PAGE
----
As our readers know, painkiller addiction is a major problem in the U.S., and Ohio is no exception. Many times, people living with chronic pain become increasingly dependent on opioids or similar drugs. They take more and more, going from doctor to doctor to get prescriptions, and when that fails, buying drugs on the street.
A partially nationwide federal task force that will investigate allegations of nursing home abuse and neglect will include Ohio. The southern district of the state, including Columbus, Cincinnati and Dayton, will be under the new task force’s purview, according to the Dayton Daily News.
Everybody loves a good internet listicle, but sometimes the results are not good news. In a recent case in point, personal finance website WalletHub ranked the states by how good it is to practice medicine there, and Ohio came in well below average.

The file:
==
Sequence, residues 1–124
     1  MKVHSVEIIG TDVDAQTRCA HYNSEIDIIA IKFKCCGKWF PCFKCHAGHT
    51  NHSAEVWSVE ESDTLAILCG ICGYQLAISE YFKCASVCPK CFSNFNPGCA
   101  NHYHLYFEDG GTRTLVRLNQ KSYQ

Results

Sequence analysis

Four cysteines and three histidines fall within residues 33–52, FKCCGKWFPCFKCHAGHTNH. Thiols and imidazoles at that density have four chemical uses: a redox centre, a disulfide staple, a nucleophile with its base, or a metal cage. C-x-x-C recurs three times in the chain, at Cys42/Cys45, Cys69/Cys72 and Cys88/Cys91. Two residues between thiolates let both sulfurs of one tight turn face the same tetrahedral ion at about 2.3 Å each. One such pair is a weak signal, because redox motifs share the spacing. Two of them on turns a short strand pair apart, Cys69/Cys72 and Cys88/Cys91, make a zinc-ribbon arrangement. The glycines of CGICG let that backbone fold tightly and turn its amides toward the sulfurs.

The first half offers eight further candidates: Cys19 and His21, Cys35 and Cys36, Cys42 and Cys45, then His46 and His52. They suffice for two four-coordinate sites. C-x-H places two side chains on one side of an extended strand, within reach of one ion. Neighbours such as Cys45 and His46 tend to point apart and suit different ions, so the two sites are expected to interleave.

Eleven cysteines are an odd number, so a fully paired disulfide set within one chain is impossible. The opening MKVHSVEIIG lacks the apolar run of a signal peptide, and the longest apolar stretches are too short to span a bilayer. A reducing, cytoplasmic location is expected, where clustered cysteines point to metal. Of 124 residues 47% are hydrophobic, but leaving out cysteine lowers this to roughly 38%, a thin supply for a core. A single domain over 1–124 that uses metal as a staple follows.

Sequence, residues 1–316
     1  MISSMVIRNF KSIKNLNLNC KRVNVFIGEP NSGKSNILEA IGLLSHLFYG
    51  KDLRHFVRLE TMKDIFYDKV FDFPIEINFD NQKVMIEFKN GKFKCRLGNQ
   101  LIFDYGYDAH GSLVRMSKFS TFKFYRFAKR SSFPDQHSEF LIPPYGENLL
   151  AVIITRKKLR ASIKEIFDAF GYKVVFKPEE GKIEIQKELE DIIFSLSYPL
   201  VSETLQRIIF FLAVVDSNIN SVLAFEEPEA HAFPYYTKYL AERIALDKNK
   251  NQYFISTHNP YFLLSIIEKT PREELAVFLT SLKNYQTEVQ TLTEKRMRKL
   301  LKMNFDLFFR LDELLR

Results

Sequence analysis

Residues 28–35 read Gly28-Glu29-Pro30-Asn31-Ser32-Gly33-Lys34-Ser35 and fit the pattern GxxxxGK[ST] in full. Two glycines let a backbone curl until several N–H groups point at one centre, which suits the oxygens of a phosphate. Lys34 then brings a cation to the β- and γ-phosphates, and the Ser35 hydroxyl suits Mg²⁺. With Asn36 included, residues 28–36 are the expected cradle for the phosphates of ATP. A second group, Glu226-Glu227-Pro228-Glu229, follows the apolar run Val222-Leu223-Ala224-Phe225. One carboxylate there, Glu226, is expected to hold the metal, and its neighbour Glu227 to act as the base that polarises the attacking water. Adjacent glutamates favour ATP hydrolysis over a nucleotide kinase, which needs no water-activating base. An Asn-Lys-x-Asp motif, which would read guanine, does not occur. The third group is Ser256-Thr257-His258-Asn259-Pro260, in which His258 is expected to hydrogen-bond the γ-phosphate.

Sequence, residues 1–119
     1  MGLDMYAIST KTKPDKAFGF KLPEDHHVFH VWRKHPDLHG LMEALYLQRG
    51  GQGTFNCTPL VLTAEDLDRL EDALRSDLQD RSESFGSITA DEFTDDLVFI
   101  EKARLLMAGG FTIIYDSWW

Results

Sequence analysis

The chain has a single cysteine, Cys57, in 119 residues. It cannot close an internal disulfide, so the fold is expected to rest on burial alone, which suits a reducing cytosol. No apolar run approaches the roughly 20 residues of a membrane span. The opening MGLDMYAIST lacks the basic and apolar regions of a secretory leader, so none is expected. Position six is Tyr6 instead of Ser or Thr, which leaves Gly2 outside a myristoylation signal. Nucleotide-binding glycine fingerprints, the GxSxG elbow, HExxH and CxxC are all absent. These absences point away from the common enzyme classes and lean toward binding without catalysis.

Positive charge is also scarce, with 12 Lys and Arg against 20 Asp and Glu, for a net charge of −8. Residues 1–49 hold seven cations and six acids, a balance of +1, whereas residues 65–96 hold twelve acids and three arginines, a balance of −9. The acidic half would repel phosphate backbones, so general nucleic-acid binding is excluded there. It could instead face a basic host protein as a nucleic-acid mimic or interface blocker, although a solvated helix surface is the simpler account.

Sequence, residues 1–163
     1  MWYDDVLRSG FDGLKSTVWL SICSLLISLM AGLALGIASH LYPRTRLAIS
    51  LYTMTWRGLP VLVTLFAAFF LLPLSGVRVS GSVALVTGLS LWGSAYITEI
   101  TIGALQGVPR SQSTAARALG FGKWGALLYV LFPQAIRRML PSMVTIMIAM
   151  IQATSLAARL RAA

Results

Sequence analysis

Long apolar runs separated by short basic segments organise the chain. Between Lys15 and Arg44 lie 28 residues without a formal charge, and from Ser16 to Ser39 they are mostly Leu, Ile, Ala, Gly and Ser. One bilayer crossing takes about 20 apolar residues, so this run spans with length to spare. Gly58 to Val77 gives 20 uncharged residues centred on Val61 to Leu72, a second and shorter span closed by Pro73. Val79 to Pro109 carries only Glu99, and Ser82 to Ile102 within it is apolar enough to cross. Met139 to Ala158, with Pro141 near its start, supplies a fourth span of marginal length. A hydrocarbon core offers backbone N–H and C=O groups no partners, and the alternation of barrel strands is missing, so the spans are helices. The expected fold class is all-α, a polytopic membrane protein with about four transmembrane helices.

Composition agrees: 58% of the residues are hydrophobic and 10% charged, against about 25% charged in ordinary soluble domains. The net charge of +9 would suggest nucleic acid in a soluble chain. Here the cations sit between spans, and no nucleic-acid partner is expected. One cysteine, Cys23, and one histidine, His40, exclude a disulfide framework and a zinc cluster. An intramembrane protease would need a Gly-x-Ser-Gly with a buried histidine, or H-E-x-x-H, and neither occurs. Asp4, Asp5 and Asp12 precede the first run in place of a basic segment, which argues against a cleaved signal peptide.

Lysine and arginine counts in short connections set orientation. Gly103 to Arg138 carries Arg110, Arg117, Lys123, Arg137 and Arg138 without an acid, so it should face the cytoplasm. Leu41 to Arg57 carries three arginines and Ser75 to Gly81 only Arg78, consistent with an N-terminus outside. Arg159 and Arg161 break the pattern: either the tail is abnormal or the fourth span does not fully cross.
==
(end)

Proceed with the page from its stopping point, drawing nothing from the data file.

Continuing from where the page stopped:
Ohio has a state-run workers’ compensation system, as do many other states. A couple of states have laws allowing employers to opt out of the system and go with a cheaper, private plan instead. That right to opt out is drawing scrutiny from federal lawmakers and regulators, possibly putting it in jeopardy.
Ohio is among the states with legal limits on how much the plaintiff in a successful medical malpractice lawsuit. Like many other states, Ohio’s malpractice cap applies to what is known as “non-economic” damages: damages claimed by the plaintiff, like pain and suffering, emotional distress and lost enjoyment of life, that are difficult to put a dollar figure to. Compare these types of injury to lost wages and medical bills, which comes with invoices and are thus more easily compensable.